Nov 13, 9:47 PM EST
Hobbs’ campaign manager calls her ‘the unequivocal favorite’
Katie Hobbs’ campaign manager, Nicole DeMont, made the following statement after tonight’s vote drop from Maricopa County appeared to fall short of Republican Kari Lake’s hopes, not quite declaring victory for Hobbs but saying it’s going that way.
“With the latest tabulation results from Maricopa, Pinal and Pima counties, Katie Hobbs is the unequivocal favorite to become the next governor of Arizona,” she said. “Katie has led since the first round of ballots were counted, and after tonight’s results, it’s clear that this won’t change.”
Hobbs, a Democrat, is leading Lake by about 26,011 votes in the yet-to-be-called race, according to unofficial county tallies so far. There are about 160,000 ballots left statewide.
Maricopa County dropped approximately 97,000 more ballots Sunday night, and Lake netted about 9,000 votes there. Just ahead of Maricopa, Pima County released another 12,000 votes, where Hobbs netted more votes. Pinal County also dropped 3,000 votes, giving Lake a slight boost.
-ABC News’ Libby Cathey
Nov 13, 6:24 PM EST
Election-denying candidate Doug Mastriano fully concedes in Pennsylvania race
Doug Mastriano, the election-denying candidate for Pennsylvania governor, officially conceded Sunday night to Democrat Josh Shapiro, the state attorney general, capping a week in which the state senator was silent about his defeat but never seemed poised to challenge the results, despite previously casting doubt on the integrity of the election.
“Difficult to accept as the results are, there is no right course but to concede, which I do, and I look to the challenges ahead,” Mastriano wrote in a statement. “Josh Shapiro will be our next governor, and I ask everyone to give him the opportunity to lead and pray that he leads well.”
Mastriano, one of the proponents of baseless claims of 2020 election fraud, suggested multiple times in the weeks prior to Election Day that he questioned the methods by which votes were counted this year.
In his concession statement, he argued that “Pennsylvania is in great need of election reform.”
-ABC News’ Will McDuffie and Oren Oppenheim
Nov 13, 1:42 PM EST
Cortez Masto celebrates Nevada Senate win: ‘I will always fight’
Nevada Sen. Catherine Cortez Masto took center stage on Sunday at the Carpenters International Training Center in Las Vegas to celebrate her victory in last week’s election, which ensured Democrats will retain control of Congress.
“Thank you, Nevada. Thank you. I am so grateful to every volunteer who knocked on doors, who made phone calls, who wrote postcards and letters and who had the courage to publicly stand up and fight for our state,” she said.
“To all Nevadans, whether you voted for me or not, I will always fight for you always,” she said.
Cortez Masto said her narrow win over Republican Adam Laxalt, a former state attorney general and son and grandson of former senators, was not just about her but the people of the state, working-class families and the Latinos who have continued to support her throughout her time as senator.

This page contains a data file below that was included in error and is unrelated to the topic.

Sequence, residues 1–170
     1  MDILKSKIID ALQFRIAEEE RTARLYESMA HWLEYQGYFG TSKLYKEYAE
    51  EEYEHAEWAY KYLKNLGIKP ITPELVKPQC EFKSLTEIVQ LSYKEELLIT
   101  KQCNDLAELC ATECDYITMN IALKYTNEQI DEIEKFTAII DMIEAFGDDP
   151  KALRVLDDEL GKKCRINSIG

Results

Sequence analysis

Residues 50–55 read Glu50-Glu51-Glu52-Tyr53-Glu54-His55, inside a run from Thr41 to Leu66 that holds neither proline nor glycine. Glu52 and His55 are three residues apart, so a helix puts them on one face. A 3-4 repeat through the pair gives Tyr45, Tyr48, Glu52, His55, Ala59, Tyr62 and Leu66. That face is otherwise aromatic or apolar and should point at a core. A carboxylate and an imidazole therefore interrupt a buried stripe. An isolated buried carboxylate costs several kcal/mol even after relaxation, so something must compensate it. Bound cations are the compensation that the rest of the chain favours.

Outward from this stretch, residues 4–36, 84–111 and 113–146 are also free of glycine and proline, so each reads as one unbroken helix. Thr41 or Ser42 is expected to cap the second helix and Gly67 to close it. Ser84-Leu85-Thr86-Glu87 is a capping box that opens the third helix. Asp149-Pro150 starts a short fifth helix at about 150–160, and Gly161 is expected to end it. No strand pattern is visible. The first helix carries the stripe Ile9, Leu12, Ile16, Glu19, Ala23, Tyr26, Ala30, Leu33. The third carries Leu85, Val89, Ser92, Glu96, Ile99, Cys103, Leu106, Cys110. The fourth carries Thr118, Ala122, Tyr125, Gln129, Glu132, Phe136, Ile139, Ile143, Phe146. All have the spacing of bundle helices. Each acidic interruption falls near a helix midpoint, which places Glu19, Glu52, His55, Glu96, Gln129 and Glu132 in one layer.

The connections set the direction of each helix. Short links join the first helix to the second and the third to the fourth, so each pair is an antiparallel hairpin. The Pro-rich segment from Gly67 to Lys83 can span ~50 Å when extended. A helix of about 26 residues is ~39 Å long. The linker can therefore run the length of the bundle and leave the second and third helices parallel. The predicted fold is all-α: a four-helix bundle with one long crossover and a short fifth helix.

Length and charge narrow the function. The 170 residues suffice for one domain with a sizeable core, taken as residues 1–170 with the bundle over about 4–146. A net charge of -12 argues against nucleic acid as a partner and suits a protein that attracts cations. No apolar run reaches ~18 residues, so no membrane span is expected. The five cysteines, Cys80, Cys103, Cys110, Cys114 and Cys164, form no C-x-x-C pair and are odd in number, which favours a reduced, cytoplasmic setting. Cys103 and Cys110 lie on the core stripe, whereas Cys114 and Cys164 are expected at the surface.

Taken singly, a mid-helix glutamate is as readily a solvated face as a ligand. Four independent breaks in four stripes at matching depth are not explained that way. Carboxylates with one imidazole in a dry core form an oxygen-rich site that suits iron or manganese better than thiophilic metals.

“Like all of you, I’ve never forgotten where I come from and where my family came from … I will continue to fight for our Latino community,” she said.
More broadly, she said, “I cannot thank you enough for all of the time, commitment, effort — everything that you put into this election. Now we celebrate, and let’s continue the work.”
Laxalt has yet to speak or concede. He had acknowledged on social media that as vote-counting continued, Cortez Masto was narrowing the gap between them and could win.
-ABC News’ Abby Cruz
Nov 13, 1:26 PM EST
House progressives speak out after midterm results
Washington Democratic Rep. Pramila Jayapal told reporters on Sunday that in the wake of her party’s surprising midterm performance, in which they bucked history to limit their losses in the House, next year’s Congress will see the “most progressive Democratic caucus in decades.”
Jayapal, chair of the Congressional Progressive Caucus (CPC), said at a news conference with newly elected lawmakers that her group will have 100-plus members come January.
She said that, despite the pattern of past cycles and the Biden White House’s unpopularity, there was “no red wave” and a majority of the CPC-endorsed candidates won their races so far.
Jayapal wouldn’t say if she’ll support Speaker Nancy Pelosi if the California lawmaker runs again for leadership — or if she herself will run for House leadership.
For the lame-duck session before the next Congress starts in January, Jayapal said her group’s goals include raising the debt limit and reviving the child tax credit. She said CPC is holding an executive board meeting soon to lay out a plan.
Incoming Florida Rep. Maxwell Frost — who will be the first Gen Z member of Congress — said at the news conference that what young people care about is not “anything different than anyone else.”
“The difference is the lens in which they see those same issues,” he said.
Control of the House remained unprojected as of Sunday as vote-counting continues.
-ABC News’ Lauren Peller